Christopher Nolan’s Dark Knight Trilogy is revered by fans and critics and one of the greatest achievements in superhero cinema, with Batman Begins and The Dark Knight comfortably two of the best comic book adaptations ever made. The Dark Knight Rises doesn’t quite hold the same lofty status, though, and while there are more than a few shaky moments throughout its epic running time, it’s not the unmitigated disasters that certain corners of the internet would have you believe.
Still, Nolan definitely doesn’t stick the landing, with the last ten or fifteen minutes of the film remaining highly contentious almost a decade later. The reveal that Joseph Gordon-Levitt’s John Blake originally went by the name Robin drew plenty of groans and eye-rolls, but fans would have still been on board for the idea of a solo spinoff tracing his ascension to the mantle of Caped Crusader.
Incredibly, it almost happened at the hands of Zack Snyder in Man of Steel, with the filmmaker admitting that during the very earliest stages of development on his Superman reboot, he considered connecting it to Nolan’s trilogy by having Gordon-Levitt make a cameo appearance as Batman.
“It was not 100% off the table. We did talk about it a little bit. The whole thing is that I think that it’s difficult, and it would have been interesting. If we had done that, the Batman in this movie would’ve probably been Joseph, which could’ve been cool. I like that his thing doesn’t get muddied by these other projects. I’m glad I didn’t f*ck with it because it’s a pretty nice trilogy and I enjoy it.”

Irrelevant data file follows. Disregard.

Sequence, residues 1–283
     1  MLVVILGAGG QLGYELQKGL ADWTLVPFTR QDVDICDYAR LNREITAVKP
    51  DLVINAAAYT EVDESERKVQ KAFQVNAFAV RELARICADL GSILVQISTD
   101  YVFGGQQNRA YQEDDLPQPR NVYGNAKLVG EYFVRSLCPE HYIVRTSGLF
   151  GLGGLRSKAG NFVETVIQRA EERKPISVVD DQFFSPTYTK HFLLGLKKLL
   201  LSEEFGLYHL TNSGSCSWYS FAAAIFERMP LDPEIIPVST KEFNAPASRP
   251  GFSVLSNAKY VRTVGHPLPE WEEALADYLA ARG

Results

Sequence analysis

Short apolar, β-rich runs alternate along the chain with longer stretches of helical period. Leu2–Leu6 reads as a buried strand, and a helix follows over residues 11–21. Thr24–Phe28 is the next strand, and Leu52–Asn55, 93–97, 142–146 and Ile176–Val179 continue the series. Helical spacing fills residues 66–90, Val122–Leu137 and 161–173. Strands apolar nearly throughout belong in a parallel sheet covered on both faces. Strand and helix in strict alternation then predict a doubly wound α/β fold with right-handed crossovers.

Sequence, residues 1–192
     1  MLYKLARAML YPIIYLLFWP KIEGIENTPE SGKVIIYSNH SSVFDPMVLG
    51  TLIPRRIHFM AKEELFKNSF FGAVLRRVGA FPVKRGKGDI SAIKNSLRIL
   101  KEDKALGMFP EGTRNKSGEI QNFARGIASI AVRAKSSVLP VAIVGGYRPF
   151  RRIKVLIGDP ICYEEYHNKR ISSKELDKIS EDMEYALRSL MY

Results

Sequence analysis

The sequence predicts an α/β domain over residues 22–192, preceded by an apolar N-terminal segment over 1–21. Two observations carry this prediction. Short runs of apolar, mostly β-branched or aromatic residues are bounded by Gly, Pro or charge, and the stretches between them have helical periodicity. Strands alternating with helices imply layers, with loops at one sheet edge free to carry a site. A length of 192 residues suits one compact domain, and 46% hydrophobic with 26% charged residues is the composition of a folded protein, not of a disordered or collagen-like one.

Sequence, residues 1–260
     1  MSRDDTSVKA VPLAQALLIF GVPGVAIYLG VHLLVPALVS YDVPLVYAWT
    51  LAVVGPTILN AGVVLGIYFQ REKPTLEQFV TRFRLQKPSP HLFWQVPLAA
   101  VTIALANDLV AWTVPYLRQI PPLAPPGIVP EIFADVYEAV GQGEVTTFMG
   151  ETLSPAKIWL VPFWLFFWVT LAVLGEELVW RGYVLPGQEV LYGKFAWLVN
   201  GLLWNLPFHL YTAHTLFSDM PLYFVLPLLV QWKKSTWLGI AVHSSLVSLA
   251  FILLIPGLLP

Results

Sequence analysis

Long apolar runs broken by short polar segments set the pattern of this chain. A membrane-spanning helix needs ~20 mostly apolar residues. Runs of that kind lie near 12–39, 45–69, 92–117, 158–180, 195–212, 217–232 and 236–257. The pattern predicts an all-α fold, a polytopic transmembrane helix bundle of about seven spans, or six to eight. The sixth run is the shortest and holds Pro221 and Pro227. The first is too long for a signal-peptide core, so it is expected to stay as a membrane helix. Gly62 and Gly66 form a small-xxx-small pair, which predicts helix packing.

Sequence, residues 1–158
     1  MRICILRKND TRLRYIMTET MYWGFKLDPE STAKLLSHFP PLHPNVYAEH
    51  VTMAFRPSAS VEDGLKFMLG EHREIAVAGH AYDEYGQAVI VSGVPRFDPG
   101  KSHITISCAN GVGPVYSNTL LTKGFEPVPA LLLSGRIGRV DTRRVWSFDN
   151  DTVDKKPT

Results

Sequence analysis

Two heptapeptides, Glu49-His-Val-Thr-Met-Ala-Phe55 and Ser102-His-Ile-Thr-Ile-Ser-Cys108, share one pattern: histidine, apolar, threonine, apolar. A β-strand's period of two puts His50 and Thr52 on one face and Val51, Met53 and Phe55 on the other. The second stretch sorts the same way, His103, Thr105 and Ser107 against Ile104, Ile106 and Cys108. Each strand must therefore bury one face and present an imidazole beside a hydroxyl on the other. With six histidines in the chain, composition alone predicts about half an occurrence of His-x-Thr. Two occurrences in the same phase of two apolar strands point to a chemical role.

Man of Steel was much better served as a standalone story, because inviting direct comparisons to Nolan’s work would have been the wrong move, especially when it hit theaters just a year after The Dark Knight Rises. Snyder’s origin story for the Big Blue Boy Scout ended up launching a shared universe anyway, and looking at how muddled DCEU canon and continuity has become in the eight years since, imagine how much worse it would’ve been if it was all forced to be retroactively tied to the chain of events that kicked off back in the summer of 2005 in Batman Begins.